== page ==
Sorry for being unclear Rick,

I was talking about opening multiple images simultaneously, where each one fits in available memory individually but the lot of them does not.

Thanks,

Alex.

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I've considered that, but it would actually introduce a worse reliability problem.

The layout of the heap* changes over time based on whatever allocations and deallocations happen. Imagine a scenario where you load two images, one requiring 1GB of memory and the other requiring 1.5GB. When you first start up Paint.NET, the heap is pretty empty and so it is easy to carve out big sequential sections of it. The 1.5gb image loads fine, is then unmapped, and then the 1gb image loads fine. You then do a bunch of work on that 1gb image. Then, you switch back to the first image. The 1gb image is unmapped, but because of the work you were doing you no longer have a 1.5gb "hole" in your virtual address space (as a simple example: imagine that you have a 1.5gb sequential area except for 1 tiny allocation parked at the 1.2gb mark that is a result of loading a font or a brush or whatever).

At that point Paint.NET would have to say, "Sorry but I can't switch to that image. Out of memory." That is a major data loss issue, not to mention confusing to the user ("but I already loaded it! it's right there!"). It is much safer to keep everything in memory so that you can guarantee that switching between the images will not fail. I would much rather tell the user up front that they cannot load an image then have it explode on them 30 minutes later in a non-deterministic way.

This would not just be an issue with large images. Even with smaller images, the entropy of the heap increases over time, and so you will still run into this issue.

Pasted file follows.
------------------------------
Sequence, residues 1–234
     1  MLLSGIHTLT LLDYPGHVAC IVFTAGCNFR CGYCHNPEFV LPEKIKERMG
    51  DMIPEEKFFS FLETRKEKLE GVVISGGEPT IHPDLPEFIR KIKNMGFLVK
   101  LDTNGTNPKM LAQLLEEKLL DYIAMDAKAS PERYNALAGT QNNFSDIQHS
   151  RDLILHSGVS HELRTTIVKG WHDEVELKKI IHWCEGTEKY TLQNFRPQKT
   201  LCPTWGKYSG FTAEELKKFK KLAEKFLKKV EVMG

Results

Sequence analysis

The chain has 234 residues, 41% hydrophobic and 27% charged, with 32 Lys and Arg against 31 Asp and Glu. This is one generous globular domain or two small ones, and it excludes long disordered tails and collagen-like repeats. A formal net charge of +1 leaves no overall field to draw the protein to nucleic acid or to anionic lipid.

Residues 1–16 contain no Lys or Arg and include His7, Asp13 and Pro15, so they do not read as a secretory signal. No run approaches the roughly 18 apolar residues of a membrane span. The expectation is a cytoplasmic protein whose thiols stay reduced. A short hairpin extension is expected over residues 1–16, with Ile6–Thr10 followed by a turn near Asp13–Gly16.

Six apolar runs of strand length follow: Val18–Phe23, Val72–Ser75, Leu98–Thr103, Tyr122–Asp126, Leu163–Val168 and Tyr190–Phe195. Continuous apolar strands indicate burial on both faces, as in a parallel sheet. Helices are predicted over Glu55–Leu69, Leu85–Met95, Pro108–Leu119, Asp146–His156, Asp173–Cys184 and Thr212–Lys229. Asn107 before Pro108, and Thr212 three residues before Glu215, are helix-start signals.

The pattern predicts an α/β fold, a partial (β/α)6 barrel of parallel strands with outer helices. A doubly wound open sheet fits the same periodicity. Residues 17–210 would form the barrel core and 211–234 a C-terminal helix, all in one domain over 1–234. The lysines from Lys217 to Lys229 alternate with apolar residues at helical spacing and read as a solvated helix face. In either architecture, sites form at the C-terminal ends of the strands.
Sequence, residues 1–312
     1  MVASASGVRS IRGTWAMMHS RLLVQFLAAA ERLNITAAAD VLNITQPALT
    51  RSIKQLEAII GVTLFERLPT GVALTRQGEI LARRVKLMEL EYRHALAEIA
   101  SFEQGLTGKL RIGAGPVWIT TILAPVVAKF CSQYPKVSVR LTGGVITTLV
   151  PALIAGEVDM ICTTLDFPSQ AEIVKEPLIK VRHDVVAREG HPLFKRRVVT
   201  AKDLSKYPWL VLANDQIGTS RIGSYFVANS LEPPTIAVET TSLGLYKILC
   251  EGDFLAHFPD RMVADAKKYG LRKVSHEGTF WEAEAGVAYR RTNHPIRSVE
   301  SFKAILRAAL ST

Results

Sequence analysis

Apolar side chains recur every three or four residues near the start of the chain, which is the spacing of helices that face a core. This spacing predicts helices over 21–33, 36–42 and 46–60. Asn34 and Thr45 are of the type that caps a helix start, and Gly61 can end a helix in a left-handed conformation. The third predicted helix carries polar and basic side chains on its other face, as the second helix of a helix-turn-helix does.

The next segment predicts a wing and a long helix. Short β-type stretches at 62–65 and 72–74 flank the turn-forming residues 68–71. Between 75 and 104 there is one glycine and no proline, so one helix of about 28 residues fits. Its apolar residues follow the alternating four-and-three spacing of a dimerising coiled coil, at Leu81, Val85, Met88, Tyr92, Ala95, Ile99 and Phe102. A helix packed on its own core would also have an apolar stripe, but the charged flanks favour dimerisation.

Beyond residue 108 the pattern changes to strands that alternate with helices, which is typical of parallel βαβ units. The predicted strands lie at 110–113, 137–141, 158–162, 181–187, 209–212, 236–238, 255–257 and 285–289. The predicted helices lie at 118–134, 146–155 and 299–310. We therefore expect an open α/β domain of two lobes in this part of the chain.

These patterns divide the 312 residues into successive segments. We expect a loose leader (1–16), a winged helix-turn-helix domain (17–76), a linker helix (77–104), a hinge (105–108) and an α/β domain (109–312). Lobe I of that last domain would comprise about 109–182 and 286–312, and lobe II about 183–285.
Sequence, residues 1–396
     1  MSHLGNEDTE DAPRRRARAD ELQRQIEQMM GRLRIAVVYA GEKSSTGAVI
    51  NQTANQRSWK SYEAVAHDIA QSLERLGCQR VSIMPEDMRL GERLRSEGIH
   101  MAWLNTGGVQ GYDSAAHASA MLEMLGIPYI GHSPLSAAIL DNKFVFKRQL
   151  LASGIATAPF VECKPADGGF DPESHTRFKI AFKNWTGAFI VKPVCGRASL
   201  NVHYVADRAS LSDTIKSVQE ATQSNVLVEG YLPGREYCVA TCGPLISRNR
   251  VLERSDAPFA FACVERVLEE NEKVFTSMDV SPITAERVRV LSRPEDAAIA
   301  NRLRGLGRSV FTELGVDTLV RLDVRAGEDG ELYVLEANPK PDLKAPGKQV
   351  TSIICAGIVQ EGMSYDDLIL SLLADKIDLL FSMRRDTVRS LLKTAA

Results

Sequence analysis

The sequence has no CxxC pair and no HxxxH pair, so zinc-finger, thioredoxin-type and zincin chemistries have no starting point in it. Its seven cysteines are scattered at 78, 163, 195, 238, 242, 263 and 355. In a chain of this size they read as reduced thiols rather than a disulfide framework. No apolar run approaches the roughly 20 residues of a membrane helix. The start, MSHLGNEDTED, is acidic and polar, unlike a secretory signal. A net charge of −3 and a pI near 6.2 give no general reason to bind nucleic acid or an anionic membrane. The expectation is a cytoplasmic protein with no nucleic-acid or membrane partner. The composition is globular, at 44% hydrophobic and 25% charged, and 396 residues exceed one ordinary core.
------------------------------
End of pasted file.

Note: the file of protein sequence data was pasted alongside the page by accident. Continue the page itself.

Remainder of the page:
My pie-in-the-sky design for Paint.NET involves switching to a system analagous to what GIMP and Photoshop use. Instead of doing 1 big allocation for a bitmap, say 10k pixels wide x 10k pixels tall = 100 million pixels = 400mb, it is split up into tiles of maybe 64kb or 256kb (preferably a size that lets you fit 2-3 into the L2 cache of a Core i7 or Atom). There is then an additional level of indirection for working with pixel data in the code, but it opens up a world of possibilities. For example, paging in/out tiles based on a least-recently-used algorithm (paging and caching), or having procedural tiles ("this tile is a solid color ... I won't even allocate storage for the pixels. I'll just remember that solid color value"). It is also much easier to find ~6000 "holes" of 64kb in size than 1 hole that is 400mb in size.

In summary, for the foreseeable future the solution is to run 64-bit Windows and buy a ton of RAM (which thankfully is cheap).

* Well, the heap (which is an abstraction on top of the virtual memory manager system) and the virtual address space -- for this post I'll just use the term "heap" to mean both/either. There is also the managed heap (.NET), but it just allocates chunks from virtual address space and parks its objects in there.

The Paint.NET Blog: https://blog.getpaint.net/

Donations are always appreciated! https://www.getpaint.net/donate.html